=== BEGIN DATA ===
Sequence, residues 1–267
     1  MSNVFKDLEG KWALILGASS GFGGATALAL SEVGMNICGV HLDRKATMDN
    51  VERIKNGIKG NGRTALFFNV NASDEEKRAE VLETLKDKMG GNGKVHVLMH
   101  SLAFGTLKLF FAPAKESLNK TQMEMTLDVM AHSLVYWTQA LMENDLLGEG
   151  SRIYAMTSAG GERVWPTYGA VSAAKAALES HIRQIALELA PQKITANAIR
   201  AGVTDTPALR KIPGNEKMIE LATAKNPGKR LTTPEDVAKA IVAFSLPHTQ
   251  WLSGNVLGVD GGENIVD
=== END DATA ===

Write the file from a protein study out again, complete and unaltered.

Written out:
Sequence, residues 1–267
     1  MSNVFKDLEG KWALILGASS GFGGATALAL SEVGMNICGV HLDRKATMDN
    51  VERIKNGIKG NGRTALFFNV NASDEEKRAE VLETLKDKMG GNGKVHVLMH
   101  SLAFGTLKLF FAPAKESLNK TQMEMTLDVM AHSLVYWTQA LMENDLLGEG
   151  SRIYAMTSAG GERVWPTYGA VSAAKAALES HIRQIALELA PQKITANAIR
   201  AGVTDTPALR KIPGNEKMIE LATAKNPGKR LTTPEDVAKA IVAFSLPHTQ
   251  WLSGNVLGVD GGENIVD